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Scale Of Iraqi Police Force Infiltration A Known Unknown

Iraqi police graduates parade during their graduation ceremony at a training camp in the city of Hilla, south of Baghdad, 28 September 2006. Photo courtesy of Mohammed Sawaf and AFP.
by Pamela Hess
UPI Pentagon Correspondent
Washington (UPI) Oct 06, 2006
Iraqi police have suffered 12,000 casualties in the last two years, with 4,000 of them killed in action, a top U.S. military officer said Friday. The U.S. Army general in charge of training Iraqi police said Friday there is no way of knowing how many police officers are involved with sectarian militias.

"It's hard to really ascertain how many individuals within the national police forces, or any of the other ministry organizations, still maintain loyalties to militias," said Maj. Gen. Joseph Peterson, commander of the Civilian Police Assistance Training Teams in Iraq. "Certainly, if we asked the question, they won't respond that they are associated with any militias.... We do ask the question, but obviously the response is always no. So I have no idea what the number is," he told Pentagon reporters.

"I can cite for you many, many incidences of police doing a great job in their communities, and these are Sunni- and Shiite mixed communities, and we see a lot of good things happening not only in Baghdad, but throughout the rest of Iraq," he said.

At least 1,200 national police officers of the 8th Brigade were pulled off the streets of Baghdad this week when their involvement in the kidnapping last week of more than 20 Sunni civilians, and the murder of at least seven, came to light.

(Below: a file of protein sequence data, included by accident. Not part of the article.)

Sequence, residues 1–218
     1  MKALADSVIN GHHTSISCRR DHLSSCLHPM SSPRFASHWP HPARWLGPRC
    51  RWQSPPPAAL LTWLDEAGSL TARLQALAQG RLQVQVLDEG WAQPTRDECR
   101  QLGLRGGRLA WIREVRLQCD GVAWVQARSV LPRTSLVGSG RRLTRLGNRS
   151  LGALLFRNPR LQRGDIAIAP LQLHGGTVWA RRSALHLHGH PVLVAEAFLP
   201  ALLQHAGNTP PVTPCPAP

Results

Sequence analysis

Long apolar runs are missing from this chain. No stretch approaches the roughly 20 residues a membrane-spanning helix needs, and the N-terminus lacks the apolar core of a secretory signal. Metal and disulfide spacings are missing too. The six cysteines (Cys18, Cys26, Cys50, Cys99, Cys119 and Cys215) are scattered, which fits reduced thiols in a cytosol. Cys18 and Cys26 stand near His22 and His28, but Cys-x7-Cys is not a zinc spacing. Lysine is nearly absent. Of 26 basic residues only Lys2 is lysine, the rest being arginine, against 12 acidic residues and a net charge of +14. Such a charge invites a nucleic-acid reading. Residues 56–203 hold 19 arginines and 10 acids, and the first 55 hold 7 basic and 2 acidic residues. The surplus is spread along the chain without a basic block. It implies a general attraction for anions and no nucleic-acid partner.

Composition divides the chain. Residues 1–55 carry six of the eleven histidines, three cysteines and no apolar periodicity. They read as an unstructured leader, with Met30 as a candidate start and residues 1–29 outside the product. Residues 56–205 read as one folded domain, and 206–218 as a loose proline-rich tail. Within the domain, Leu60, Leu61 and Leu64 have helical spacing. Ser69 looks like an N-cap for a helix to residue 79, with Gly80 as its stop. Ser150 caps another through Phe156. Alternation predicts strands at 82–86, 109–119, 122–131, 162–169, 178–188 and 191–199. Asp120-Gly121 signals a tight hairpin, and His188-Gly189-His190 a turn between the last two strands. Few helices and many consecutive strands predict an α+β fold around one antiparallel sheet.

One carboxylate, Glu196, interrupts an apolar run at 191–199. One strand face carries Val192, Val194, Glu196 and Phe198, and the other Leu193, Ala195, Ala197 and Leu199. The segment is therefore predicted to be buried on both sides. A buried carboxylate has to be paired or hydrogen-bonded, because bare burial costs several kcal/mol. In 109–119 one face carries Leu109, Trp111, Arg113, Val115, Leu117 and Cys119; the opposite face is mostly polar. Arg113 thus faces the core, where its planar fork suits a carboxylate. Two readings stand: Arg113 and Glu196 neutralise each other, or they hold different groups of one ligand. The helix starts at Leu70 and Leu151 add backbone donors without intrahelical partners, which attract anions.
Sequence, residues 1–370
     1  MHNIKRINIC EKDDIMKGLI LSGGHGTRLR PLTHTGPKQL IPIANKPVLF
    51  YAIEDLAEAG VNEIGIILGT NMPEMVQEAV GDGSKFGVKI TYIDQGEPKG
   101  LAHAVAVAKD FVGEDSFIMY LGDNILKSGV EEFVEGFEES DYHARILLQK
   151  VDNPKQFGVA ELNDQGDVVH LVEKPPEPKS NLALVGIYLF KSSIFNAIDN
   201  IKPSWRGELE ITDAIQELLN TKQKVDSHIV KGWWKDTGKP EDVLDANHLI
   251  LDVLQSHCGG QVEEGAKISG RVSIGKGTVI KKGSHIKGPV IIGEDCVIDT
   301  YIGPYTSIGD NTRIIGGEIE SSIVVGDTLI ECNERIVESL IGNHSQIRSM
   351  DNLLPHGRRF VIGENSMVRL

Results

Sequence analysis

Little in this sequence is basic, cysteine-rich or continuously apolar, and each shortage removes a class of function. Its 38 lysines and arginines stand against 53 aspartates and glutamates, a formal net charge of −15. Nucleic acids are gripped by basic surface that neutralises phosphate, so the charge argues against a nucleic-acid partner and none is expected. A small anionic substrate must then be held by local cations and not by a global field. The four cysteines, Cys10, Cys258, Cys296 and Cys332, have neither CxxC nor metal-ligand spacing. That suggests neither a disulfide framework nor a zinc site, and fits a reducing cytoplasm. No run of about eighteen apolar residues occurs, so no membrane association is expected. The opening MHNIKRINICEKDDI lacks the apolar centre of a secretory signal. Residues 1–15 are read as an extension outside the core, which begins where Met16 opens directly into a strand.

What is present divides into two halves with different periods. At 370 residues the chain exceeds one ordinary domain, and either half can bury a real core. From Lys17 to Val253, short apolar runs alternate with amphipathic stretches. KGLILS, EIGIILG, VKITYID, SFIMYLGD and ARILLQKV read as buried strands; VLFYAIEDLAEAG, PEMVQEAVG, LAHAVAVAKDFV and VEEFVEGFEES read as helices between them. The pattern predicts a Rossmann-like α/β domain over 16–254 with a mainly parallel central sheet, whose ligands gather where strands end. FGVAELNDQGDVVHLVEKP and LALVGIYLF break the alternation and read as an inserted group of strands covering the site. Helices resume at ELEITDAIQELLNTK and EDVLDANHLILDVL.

"The 2nd Battalion of the 8th Brigade has been implicated on a raid of a meat processing factory wherein 22 individuals -- it was a little over 20 individuals were kidnapped, and later, seven of them were found killed," Peterson said.

"What we know is the majority of people that were working in the plants were Sunni, and so potentially this could be a sectarian issue. It certainly is also a crime, and so that is being investigated right now," he said.

"Because the unit and the organization was identified as potentially being responsible for committing this transgression, (the battalion commander) has been arrested. And the organization is currently under investigation. So that's pretty much where we are and what we know," he said.

The brigade of national police, a 25,000-man paramilitary force designed to bridge the gap between traditional beat cops and Iraq's new army, will begin a retraining course within five days, according to Peterson.

"For the past two years plus, they've been performing more military-like tasks -- raids, cordon searches, those kinds of things. They went through about six weeks of training. They had about 15 hours to 20 hours of rule of law, protection of human rights training. But it was mixed on the amount of police training that they received," Peterson said.

All national police are undergoing similar retraining, including a three-week course at a separate training camp in Numaniyah, southeast of Baghdad. The U.S. military has declared 2006 to be the "year of the police" in Iraq. Police, ultimately, are the only force that can defeat a terrorist or insurgent threat because they are close to the community and have the intelligence and local knowledge and trust to get tips on planned attacks and hidden cells of fighters.